Then there was the “Naked Lunch" party sponsored by some graduate students to honor visiting author William Burroughs. Under the gaze of guests under the influence of a potent punch (four parts gin to one part creme de menthe) that “carried an overwhelming taste of mothballs,” a living centerpiece lay among the canapes. Periodically, this non-speaking young man would rise, enter the men’s room, and emerge wearing one less piece of clothing than before. By the end of the afternoon, he was fully unclothed. It took more than a few moments for the guests, sensorily deprived by “Essence of Mothballs,” to see the connection: naked centerpiece = Naked Lunch (Burroughs’ most famous novel)!

Gold’s tales of travel abroad are equally compelling and quite amusing. Anyone who has had an extended stay in Europe for business or academic reasons will be able to identify with the plights of Professor Gold and his family. There was the time, driving through Italy, that the family car broke down. As it happened, Mrs. Gold was driving at the time, leading Professor Gold to repeat wearily and haplessly to the nearly uncomprehending Italian mechanic, “Mi sposi condotti.” (Roughly, “Blame my wife — she was driving!”)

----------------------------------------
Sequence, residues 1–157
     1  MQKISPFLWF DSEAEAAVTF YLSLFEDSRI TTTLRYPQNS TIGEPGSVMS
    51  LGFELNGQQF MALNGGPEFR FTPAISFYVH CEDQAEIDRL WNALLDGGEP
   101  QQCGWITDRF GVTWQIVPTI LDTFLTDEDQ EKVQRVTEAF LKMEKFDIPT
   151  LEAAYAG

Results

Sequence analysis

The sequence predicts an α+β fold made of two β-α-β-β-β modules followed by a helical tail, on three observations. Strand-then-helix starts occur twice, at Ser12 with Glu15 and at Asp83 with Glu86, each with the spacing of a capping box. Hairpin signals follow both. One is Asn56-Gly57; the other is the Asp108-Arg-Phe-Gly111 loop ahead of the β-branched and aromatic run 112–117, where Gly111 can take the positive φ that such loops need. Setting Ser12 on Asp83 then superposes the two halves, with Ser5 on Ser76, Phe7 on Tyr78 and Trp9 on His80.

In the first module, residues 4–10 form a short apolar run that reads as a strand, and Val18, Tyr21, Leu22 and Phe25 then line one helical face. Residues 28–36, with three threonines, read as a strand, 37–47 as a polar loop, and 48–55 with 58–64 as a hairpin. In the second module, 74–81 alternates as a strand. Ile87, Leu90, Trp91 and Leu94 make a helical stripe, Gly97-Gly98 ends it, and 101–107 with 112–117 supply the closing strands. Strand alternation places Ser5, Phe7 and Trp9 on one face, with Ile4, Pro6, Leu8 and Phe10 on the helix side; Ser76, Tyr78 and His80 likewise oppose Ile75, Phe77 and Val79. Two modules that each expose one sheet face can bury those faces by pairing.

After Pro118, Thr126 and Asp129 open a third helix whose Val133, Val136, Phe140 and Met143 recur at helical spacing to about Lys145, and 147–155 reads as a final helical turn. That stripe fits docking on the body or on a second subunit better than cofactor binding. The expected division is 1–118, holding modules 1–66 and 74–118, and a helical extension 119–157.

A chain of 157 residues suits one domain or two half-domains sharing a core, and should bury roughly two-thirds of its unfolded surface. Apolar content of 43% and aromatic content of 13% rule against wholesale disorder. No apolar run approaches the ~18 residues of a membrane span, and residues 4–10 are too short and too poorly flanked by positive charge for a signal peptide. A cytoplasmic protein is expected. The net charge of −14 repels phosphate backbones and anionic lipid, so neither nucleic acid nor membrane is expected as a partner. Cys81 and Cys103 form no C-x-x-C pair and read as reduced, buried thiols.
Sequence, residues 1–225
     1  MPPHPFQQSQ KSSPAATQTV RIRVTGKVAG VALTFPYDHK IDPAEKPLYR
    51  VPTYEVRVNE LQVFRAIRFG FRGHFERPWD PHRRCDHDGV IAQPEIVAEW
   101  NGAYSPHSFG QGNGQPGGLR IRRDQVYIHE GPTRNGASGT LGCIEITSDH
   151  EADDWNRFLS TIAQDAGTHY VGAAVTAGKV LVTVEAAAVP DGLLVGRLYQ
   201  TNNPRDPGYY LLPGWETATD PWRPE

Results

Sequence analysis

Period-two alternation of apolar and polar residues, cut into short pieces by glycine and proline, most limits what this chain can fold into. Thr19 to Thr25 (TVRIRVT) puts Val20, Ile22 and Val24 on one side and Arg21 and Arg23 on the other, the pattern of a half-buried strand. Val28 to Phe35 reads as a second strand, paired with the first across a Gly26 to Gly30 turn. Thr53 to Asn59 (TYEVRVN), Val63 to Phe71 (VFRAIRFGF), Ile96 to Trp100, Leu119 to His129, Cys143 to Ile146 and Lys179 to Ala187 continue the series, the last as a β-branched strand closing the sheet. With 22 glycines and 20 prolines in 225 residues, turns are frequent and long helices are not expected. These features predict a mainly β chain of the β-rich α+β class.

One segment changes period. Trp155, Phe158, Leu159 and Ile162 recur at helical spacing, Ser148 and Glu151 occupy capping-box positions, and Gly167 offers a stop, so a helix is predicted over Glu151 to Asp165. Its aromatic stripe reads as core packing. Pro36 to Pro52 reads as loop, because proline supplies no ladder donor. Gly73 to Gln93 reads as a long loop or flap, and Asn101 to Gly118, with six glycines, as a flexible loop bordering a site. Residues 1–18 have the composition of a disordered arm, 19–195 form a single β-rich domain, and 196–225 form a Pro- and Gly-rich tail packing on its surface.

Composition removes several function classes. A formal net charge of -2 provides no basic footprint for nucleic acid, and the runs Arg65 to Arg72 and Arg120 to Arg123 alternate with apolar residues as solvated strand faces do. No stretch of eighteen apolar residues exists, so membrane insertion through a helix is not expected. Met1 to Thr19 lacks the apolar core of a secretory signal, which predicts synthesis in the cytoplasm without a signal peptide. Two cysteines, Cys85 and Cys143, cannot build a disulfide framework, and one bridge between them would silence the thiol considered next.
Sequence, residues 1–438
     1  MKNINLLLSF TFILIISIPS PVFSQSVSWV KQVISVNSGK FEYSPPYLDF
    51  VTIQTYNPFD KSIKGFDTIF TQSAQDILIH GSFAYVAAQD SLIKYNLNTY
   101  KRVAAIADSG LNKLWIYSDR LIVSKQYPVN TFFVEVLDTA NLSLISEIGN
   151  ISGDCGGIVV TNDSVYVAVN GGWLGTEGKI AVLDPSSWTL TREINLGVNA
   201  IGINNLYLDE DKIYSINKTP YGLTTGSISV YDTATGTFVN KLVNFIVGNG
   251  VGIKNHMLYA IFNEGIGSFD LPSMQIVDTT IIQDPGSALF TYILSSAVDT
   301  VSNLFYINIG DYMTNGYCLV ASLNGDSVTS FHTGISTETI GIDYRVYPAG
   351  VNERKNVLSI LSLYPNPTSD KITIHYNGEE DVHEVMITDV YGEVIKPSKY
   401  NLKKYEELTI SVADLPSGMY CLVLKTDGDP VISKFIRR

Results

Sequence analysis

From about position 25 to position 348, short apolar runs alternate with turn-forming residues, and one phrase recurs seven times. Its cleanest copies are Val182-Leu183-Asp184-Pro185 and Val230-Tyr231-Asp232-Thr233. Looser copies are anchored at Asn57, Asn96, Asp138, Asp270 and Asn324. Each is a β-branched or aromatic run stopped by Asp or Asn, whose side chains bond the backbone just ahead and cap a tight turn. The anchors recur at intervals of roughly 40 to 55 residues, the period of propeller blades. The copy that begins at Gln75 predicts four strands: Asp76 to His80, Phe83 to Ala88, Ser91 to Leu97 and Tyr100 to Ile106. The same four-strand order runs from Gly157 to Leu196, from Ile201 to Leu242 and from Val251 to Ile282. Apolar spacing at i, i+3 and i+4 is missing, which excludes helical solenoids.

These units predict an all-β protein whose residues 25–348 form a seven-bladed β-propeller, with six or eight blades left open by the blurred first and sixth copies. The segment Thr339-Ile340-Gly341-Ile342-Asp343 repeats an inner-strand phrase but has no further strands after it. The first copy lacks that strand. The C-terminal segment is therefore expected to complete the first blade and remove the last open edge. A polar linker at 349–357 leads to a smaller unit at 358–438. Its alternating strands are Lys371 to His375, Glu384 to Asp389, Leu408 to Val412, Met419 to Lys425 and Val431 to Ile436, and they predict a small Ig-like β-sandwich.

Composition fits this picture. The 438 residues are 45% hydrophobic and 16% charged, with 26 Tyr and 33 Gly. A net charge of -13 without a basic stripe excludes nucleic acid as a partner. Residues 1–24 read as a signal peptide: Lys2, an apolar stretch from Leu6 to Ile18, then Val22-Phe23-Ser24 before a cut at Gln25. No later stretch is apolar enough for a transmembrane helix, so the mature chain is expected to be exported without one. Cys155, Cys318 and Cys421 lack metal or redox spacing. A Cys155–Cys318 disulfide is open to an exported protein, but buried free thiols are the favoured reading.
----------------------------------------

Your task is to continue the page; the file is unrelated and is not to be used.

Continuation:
This was only after the professor, rather confused, drove five times around Venice looking for the proper bridge to cross into the City of Canals, never realizing that all cars must be parked in Mestre for the passengers to embark, by boat, to Venice itself. By the third or fourth pass, smiling Italians were waving and applauding the little Gold vehicle.

Gold has not had much luck with cars. When he purchased a very nice automobile in Europe, he decided to keep it after his trip was over. He sent it across the Atlantic by ship while he returned by plane. After some time had passed, he began to worry about the car’s safe arrival. His worry was due — the car had been crushed by a load of steel girders that fell loose during the crossing. Try explaining that one to your insurance company!